We’re on to round 2 of the 2020 6 Nations and after a less-than-convincing win against Scotland in their opener, Andy Farrell’s Ireland have an altogether tougher task in store versus Wales in a blustery Aviva Stadium. PSA Academies’ own Johne Murphy assesses what this Irish team need to do to get the win and build some Championship momentum. Read his preview below.
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So, all wasn’t perfect last Saturday against a tough Scotland outfit with a chip on their shoulder but it’s a new game week and Ireland get a chance to take another step forward with another welcome 6 Nations fixture at home. Sure enough, Wayne Pivac’s Wales are going to pose a whole new set of challenges after their convincing opening day defeat of a poor Italy. However, Andy Farrell and his squad plus backroom team will appreciate the chance to step up against a regular Celtic nemesis. Personally, I think there’s a lot of people out there being overly negative about the Scottish win, considering where the squad were coming from and the amount of preparation time involved. People have short memories and bar the miracle of ‘Le Drop’, the Grand Slam squad of 2018 would have left Paris with a defeat against an average French team at the start of their all-conquering campaign.
The usual suspects but with more to prove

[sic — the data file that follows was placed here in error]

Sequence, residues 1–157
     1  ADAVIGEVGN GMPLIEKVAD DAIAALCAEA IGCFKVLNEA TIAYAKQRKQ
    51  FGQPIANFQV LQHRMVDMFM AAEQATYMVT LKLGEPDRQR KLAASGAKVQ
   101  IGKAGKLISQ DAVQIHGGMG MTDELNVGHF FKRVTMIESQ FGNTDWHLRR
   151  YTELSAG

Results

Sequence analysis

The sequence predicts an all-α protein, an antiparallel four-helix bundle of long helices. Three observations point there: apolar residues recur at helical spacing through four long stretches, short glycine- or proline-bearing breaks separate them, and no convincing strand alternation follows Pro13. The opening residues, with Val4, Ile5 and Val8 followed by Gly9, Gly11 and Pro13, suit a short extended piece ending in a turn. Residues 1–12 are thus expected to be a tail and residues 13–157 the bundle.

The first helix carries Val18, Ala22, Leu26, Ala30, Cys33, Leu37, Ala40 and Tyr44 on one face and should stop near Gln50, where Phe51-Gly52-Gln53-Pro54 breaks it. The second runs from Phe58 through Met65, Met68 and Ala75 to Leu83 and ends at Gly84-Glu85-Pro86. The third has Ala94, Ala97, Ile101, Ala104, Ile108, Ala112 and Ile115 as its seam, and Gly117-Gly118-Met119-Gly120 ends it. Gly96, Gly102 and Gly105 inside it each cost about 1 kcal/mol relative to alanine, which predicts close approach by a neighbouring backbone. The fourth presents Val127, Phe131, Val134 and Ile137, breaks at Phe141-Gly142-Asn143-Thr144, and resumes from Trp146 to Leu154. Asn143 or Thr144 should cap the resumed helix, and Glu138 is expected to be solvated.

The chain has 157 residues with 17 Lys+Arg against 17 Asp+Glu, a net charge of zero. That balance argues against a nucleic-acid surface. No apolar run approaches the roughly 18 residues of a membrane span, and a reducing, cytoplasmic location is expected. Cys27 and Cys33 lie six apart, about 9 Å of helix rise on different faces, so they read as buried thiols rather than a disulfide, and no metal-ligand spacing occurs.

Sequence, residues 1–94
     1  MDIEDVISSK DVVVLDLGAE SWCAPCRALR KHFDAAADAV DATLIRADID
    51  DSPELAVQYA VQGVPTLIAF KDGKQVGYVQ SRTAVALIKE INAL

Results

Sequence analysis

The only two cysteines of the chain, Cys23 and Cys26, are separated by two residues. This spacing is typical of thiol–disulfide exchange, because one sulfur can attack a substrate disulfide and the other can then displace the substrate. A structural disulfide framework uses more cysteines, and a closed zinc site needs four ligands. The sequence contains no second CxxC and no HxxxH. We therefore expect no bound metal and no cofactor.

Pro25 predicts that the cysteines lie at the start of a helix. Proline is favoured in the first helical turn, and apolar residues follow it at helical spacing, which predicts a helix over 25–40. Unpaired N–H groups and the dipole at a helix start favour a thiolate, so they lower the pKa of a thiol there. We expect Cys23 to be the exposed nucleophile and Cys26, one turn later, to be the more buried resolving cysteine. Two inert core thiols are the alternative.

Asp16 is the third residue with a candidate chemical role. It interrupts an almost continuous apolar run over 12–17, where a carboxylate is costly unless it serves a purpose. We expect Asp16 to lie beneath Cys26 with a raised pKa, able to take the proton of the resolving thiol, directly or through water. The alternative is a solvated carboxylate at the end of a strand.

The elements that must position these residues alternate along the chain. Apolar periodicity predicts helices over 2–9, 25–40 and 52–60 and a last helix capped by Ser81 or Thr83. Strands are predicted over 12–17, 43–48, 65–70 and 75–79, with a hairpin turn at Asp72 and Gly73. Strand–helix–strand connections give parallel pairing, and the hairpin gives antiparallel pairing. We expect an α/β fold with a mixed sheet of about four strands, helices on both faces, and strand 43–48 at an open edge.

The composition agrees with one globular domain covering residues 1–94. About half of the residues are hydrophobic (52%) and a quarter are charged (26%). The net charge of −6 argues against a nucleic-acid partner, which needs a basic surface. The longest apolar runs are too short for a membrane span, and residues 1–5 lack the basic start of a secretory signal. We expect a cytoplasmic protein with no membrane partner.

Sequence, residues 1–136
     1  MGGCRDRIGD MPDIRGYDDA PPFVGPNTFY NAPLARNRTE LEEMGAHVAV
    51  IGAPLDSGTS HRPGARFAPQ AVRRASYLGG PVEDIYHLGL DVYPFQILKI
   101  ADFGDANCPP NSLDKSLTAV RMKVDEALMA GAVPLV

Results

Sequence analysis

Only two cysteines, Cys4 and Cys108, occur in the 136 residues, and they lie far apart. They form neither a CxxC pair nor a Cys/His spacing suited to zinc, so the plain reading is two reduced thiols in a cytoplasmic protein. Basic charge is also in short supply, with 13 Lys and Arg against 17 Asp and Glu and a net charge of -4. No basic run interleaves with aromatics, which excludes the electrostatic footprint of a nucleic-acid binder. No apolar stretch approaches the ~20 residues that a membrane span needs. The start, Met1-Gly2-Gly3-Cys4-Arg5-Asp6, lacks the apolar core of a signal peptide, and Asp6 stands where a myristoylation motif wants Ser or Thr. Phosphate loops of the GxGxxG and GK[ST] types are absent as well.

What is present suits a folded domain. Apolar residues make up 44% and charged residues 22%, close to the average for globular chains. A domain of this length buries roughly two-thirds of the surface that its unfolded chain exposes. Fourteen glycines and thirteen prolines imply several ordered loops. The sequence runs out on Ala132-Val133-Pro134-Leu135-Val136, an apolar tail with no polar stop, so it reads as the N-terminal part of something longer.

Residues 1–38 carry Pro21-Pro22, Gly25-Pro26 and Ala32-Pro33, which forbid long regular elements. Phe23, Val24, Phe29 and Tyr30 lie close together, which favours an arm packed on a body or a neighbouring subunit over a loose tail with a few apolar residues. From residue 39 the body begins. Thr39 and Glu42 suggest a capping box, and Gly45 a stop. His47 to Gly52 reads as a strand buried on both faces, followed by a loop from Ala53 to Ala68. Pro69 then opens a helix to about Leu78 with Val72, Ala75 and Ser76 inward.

Despite the challenges of the Scotland game, Andy Farrell and his coaching team were never going to make wholesale changes for this or the last game. He wants a chance to develop his style incrementally over time, and with the unfortunate injuries to Caelen Doris and Garry Ringrose in week 1, he’s understandably gone for the same line up as the finishers from last week’s game. While it may be a case of the same faces with more to prove on the field, off the pitch he’s showing his commitment to doing things his own way. This week was a good chance to see how the new head coach would approach the match analysis aspect of the schedule and by all reports, this seems to have been delivered in a pretty different way than previously. This is all being reflected in the playing squad, who know the starting 15 earlier in the week and appear to be more relaxed in front of the media and fans off the back of that. This is a good thing and hopefully can transfer to a more positive mindset on the park in time.
Storm Ciara to set the tone
Unfortunately, and with a touch of irony given the controversy that surrounded the Cardiff match last year, the weather gods are set to have a significant bearing on the game tomorrow due to the expected arrival of Storm Ciara some time mid-afternoon. That’s a real potential shame given both sides would rather have a dry ball and calm conditions to showcase their attacking intent. That being what it may, it does add a significant element of intrigue tactically, with both sides being aware that the other may try to impose a hard carrying, low risk kicking strategy. As such, we could well have to settle for a fairly turgid arm wrestle, which won’t be a great spectacle in the whole but if anything, could well produce a nailbiting tight finish. Certainly, Ireland will face a proper test of their mental resilience, with the memories of Wales dismantling them in similar conditions to claim the Grand Slam last March still rattling around in their heads.